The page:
The opinion of the court was delivered by: John Martin, District Judge
This action arises out of an accident aboard the M/V Woodall. Plaintiff Sergey Tarasevich is a citizen and resident of Kaliningrad, Russian Federation and was a third assistant engineer aboard the M/V Woodall in the boiler room on May 9, 2000 when the auxiliary gas boiler exploded as the vessel was departing Montevideo, Uruguay.
The M/V Woodall is a Cypriot flag vessel, owned by Eratira Navigation Co., Ltd., that was crewed exclusively by Russian nationals. Tarasevich was hired by Mayflower Shipmanagement Corp., the manager of the Woodall. Mayflower is a Liberian corporation with principal offices in Piraeus, Greece. E.A. Glyptis Decl. 1 2. Eastwind is a Liberian corporation and maintains offices and a place of business in New York City. James J. Murray Decl. 1 2. Eastwind is the commercial management service to the Woodall's shipowner. Id.
On the day of the accident, the Woodall was departing Uruguay, heading for fishing grounds off of the Falkland Islands. During the departure, Plaintiff was standing watch in the vessel's engine room when the auxiliary gas boiler exploded, causing extensive personal injuries to Plaintiff which resulted in emergency medical treatment in Montevideo and a year's hospitalization, and continual follow-up care in Kaliningrad, Russia.
In March 2002, Plaintiff filed this action. Currently before the Court is Defendants' motion to dismiss on forum non conveniens grounds, arguing that Russia would be a more appropriate forum in which to litigate this matter. For the reasons stated below, Defendants' motion to dismiss the case is granted, subject to reinstatement should Defendants fail to submit to jurisdiction in Russia or fail to waive a statute of limitations defense.
Dismissal of a case pursuant to the doctrine of forum non conveniens is addressed to the broad discretion of the district court. Scottish Air Int'l, Inc. v. British Caledonian Group, PLC, 81 F.3d 1224, 1234 (2d Cir. 1996). When assessing a motion for forum non conveniens, the Court begins with the general proposition that plaintiff's choice of forum is entitled to deference, but the "degree of deference given to a plaintiff's forum choice varies with the circumstances." Iragorri v. United Tech. Corp., 274 F.3d 65, 71 (2d Cir. 2001). A court grants a strong presumption in favor of plaintiff's choice of forum, but this presumption is weaker when the plaintiff is foreign. Id.; see also Dattner v. Conagra Foods, Inc., No. 01 cv. 11297, 2003 WL 1740448, at *2-4 (S.D.N.Y. April 2, 2003). As explained by the Second Circuit in Iragorri, the deference accorded plaintiff's choice of forum is based on a sliding scale reflecting the assumed convenience of the forum to the plaintiff:
The Supreme Court explained in Piper that the
reason we give deference to a plaintiff's choice of
her home forum is because it is presumed to be
convenient. . . . In contrast, when a foreign
plaintiff chooses a U.S. forum, it "is much less
reasonable" to presume that the choice was made for
Iracorri, 274 F.3d at 71.
Nonetheless, "some weight must still be given to a foreign plaintiff's choice of forum." Murray v. British Broad. Corp., 81 F.3d 287, 290 (2d Cir. 1996).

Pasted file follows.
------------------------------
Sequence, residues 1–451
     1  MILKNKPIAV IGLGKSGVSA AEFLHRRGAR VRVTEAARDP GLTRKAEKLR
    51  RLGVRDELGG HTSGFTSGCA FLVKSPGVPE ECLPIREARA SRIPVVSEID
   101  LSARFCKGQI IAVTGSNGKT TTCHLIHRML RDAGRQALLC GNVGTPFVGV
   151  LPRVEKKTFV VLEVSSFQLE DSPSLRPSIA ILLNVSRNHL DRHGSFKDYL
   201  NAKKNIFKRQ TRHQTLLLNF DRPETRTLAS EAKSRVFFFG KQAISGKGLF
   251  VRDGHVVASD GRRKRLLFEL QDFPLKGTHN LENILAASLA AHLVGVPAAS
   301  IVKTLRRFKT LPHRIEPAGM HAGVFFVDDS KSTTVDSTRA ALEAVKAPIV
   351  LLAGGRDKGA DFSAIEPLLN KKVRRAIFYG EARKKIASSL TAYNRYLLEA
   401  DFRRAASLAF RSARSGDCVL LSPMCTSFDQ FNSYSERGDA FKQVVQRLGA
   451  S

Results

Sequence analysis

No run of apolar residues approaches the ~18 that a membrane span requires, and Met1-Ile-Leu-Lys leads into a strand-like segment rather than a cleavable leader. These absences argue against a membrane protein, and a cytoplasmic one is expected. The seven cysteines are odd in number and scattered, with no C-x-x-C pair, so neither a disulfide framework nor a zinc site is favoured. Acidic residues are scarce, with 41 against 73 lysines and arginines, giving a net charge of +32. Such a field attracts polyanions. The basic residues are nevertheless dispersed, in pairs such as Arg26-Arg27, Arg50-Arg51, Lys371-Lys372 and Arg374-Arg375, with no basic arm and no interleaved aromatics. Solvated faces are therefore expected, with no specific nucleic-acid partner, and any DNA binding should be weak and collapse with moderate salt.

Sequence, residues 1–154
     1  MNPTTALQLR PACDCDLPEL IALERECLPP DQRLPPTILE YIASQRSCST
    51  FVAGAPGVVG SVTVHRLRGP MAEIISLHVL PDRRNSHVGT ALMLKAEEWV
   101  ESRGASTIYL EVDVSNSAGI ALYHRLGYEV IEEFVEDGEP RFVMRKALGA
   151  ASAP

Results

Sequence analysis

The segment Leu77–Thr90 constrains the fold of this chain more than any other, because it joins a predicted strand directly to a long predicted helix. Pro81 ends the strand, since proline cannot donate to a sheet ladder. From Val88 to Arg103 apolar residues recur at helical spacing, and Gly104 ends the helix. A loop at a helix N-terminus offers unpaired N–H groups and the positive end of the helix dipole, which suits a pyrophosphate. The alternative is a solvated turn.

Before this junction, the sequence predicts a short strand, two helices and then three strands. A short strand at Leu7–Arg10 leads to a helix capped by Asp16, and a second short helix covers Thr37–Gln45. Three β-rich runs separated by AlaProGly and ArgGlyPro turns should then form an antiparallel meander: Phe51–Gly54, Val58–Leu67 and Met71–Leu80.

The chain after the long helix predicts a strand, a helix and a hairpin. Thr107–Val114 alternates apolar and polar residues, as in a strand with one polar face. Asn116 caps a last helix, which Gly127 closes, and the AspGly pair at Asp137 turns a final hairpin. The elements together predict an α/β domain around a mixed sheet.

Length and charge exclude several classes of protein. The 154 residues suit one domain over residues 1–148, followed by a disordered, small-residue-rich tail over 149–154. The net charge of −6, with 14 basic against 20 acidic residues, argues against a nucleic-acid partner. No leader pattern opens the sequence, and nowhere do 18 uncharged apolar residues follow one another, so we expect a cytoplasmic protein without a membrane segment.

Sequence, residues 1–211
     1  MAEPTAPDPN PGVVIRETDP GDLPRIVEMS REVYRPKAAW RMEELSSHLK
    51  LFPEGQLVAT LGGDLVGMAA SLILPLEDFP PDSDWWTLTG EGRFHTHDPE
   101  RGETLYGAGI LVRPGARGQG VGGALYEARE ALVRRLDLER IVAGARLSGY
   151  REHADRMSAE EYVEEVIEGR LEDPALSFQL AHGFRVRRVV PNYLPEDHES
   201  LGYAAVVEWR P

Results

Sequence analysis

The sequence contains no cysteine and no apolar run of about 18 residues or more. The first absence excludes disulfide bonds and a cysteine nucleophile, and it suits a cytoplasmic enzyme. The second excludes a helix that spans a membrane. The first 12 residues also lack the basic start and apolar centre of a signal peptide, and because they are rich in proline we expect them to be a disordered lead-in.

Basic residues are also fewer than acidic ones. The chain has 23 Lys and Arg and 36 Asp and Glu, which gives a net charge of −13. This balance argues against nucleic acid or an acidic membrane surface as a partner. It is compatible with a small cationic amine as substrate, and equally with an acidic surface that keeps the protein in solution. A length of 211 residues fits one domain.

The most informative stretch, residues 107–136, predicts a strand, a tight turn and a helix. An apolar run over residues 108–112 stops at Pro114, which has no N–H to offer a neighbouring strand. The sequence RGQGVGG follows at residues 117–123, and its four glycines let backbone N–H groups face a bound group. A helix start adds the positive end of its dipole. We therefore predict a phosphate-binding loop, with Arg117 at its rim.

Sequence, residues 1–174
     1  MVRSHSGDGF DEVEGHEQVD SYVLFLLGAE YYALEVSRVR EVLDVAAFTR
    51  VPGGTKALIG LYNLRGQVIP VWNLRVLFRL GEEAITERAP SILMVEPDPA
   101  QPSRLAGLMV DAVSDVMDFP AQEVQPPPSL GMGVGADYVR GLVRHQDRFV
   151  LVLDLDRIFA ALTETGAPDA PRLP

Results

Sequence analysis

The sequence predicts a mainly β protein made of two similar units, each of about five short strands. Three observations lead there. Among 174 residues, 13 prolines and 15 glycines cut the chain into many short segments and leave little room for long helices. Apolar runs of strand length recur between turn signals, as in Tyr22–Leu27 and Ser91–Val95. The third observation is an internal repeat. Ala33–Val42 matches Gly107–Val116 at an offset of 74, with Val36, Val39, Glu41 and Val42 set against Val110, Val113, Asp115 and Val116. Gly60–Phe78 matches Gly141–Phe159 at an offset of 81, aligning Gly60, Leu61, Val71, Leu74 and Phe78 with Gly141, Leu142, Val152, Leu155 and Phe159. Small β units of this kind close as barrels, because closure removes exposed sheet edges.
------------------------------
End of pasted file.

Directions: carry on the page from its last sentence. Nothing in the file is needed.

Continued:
To determine what level to give plaintiff's choice of forum, the Court must determine what is the "lawsuit's bona fide connection to the United States." Iragorri, 274 F.3d at 72. If there are efficiencies to be gained by trying the case in the plaintiff's choice of forum, like convenience for the plaintiff, availability of witnesses, the defendant's amenability to suit, and the availability of appropriate legal assistance, the plaintiff's choice should receive strong deference. Iragorri, 274 F.3d at 72. In this case, there are few reasons for choosing New York, aside from the possibility of a more favorable outcome. Except for the ability to sue Eastwind in a forum where it does business, any conveniences associated with a New York forum are absent in this case. Plaintiff is seriously injured and lives far from his chosen forum. Most of the crew and the doctors that treated Plaintiff live in Russia. Finally, Plaintiff's lead counsel is a Russian attorney. Considering these factors, deference to Plaintiff's choice of forum falls on the lesser end of the sliding scale.
The next step in the forum non conveniens analysis involves application of the factors set out in Gulf Oil v. Gilbert, 330 U.S. 501, 67 S.Ct. 839 (1947), Koster v. Lumbermens Mut. Cas. Co., 330 U.S. 518, 67 S.Ct. 828 (1947), and Piper Aircraft Co. v. Reyno, 454 U.S. 235, 102 S.Ct. 252 (1981). As an initial matter, the Court must determine whether an adequate alternative forum exists. If so, the Court balances two sets of factors. The first set of factors relates to the private interests or convenience of the litigants and the second set relates to the public interest. Iragorri, 274 F.2d at 74; Alfadda v. Fenn, 159 F.3d 41, 45-46 (2d Cir. 1998).
Is the Alternative Forum Adequate?
Defendants bear the burden of showing an adequate alternative forum exists. Wiwa v. Royal Dutch Petroleum Co., 226 F.3d 88, 100 (2d Cir. 2000). The Second Circuit has held that a forum is generally adequate if the defendant is subject to process in that forum. DiRienzo v. Philip Serv. Corp., 232 F.3d 49, 57(2d Cir. 2000). An agreement by the defendant to submit to the jurisdiction of the foreign forum can generally satisfy this requirement. Murray, 81 F.3d at 292.
Defendants argue that Plaintiff has an adequate alternative forum because Defendants have tendered the amount Plaintiff is entitled to under his Contract if he is severely and permanently disabled from an injury aboard ship. This is not the basis for this Court's finding of an adequate alternative forum. A forum is adequate when a dispute ...